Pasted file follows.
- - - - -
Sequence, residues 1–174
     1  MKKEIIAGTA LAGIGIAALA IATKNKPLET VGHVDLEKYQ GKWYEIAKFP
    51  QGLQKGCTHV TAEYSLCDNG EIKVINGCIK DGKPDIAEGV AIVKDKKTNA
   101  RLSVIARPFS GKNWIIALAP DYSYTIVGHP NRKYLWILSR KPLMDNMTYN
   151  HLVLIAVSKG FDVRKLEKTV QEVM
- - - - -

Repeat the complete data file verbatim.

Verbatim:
Sequence, residues 1–174
     1  MKKEIIAGTA LAGIGIAALA IATKNKPLET VGHVDLEKYQ GKWYEIAKFP
    51  QGLQKGCTHV TAEYSLCDNG EIKVINGCIK DGKPDIAEGV AIVKDKKTNA
   101  RLSVIARPFS GKNWIIALAP DYSYTIVGHP NRKYLWILSR KPLMDNMTYN
   151  HLVLIAVSKG FDVRKLEKTV QEVM